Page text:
Those smoke-colored football uniforms the University of Miami unveiled before this past season?
Consider them collectors’ items or trash-heap material, depending on your perspective.
Multiple sources told the Miami Herald on Sunday and Monday that the Hurricanes will switch apparel and merchandise providers from Nike to Adidas.
UM athletic director Blake James told the Herald on Monday that UM has “not signed a contract with anyone,” but that “we will announce our apparel partner going forward on Thursday.
Premium content for only $0.99
For the most comprehensive local coverage, subscribe today.
“Until that time I will have no comment.”
The Nike contract expires in August, James said last month. UM spring sports such as baseball and track and field will still wear Nike products.
James told the Herald in mid-December that “Nike extended an opportunity for us to renew for another 10 years. However, I decided it was in our best interest to test the market and determine our value moving forward.”
Adidas has already been canvassing UM’s coaches at the Coral Gables campus to find out what type of shoes and apparel are needed to suit each sport’s athletes.
“Significant’’ was the word one source associated with UM’s teams used to describe the financial boost that the school will receive with Adidas compared to Nike, which has been contracted with the Hurricanes since 1987.
Two sources said some teams will have two to three times more lucrative budgets to use for shoes and apparel.
Last month, Arizona State switched from Nike to Adidas, signing an eight-year contract worth $33.8 million or $4,225,000 annually, according to the Arizona Republic.
One source told the Herald the new UM contract will be in the 10-year range.
UM is a private university and is not required to release its financial dealings.
Louisville and North Carolina State are the current Atlantic Coast Conference schools contracted with Adidas, with Boston College and Maryland affiliated with Under Armour, Georgia Tech with Russell and the other eight schools, not including UM, with Nike.
Sources said that most UM coaches are fine with the expected switch, but it could impact the men’s basketball program because UM has been recruiting players who have ties to the Nike AAU program.
UM coach Jim Larranaga was asked Monday on the ACC coaches’ teleconference how much of a factor a team’s uniform/shoe brand has on recruiting.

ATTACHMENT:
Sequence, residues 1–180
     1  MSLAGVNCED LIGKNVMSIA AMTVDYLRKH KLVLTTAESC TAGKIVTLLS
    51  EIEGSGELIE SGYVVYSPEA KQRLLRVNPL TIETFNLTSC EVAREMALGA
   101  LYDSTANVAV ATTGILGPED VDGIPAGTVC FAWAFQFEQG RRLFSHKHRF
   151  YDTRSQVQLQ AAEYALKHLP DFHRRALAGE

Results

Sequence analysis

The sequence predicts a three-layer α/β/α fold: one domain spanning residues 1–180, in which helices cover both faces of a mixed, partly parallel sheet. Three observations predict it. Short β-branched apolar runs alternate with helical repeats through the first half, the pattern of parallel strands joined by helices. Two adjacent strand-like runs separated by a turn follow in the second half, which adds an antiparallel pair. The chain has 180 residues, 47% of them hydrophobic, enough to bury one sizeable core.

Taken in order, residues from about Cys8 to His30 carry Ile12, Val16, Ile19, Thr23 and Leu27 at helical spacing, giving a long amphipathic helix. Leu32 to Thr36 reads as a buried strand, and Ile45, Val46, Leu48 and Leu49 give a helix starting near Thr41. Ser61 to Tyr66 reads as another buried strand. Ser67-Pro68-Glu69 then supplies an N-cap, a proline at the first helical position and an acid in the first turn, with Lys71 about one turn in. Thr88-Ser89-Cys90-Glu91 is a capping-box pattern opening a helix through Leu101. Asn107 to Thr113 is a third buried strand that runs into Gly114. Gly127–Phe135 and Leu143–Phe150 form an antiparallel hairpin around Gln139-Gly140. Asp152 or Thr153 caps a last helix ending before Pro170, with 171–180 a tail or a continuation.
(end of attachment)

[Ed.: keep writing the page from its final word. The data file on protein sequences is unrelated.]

Larranaga noted that some young players “feel very, very closely associated with a certain shoe company because that’s the shoe they’ve been wearing throughout their high school and AAU seasons. So, it does become a factor in recruiting.
“But I think the major factor in recruiting is [to] be sure a young man knows the quality of your program. If you have a quality product, then you’ll be able to recruit quality student-athletes.”
Louisville coach Rick Pitino said after Larranaga that “obviously if you’re associated with Nike you have somewhat of an advantage, because Nike people really make a heavy emphasis on their players going to Nike schools.”
When asked if his team wearing Adidas products had a negative impact on recruiting, Pitino said he doesn’t think “it’s the players as much as the AAU handlers, runners agents – they’re all involved in it somehow and it’s a problem that won’t go away… The NCAA doesn’t think it’s a problem, so I’m not going to think it’s a problem.”
Adidas at a glance
▪ Founded: 1924, Herzogenaurach, Germany.
▪ Notable endorsers (past and present): David Beckham, Mario Chalmers, Dwight Howard, Tim Duncan, John Wall, Derrick Rose, Andrew Wiggins, Joakim Noah, Brandon Knight, Jesse Owens, Anna Kournikova, Steffi Graf, Kareem Abdul-Jabbar, Jerry West, Bill Walton, Pete Maravich.
▪ Name origin: From founder Adolf Dassler. “Adi” was his nickname. “Das” is from Dassler.
▪ 2013 revenue: $14.49 billion.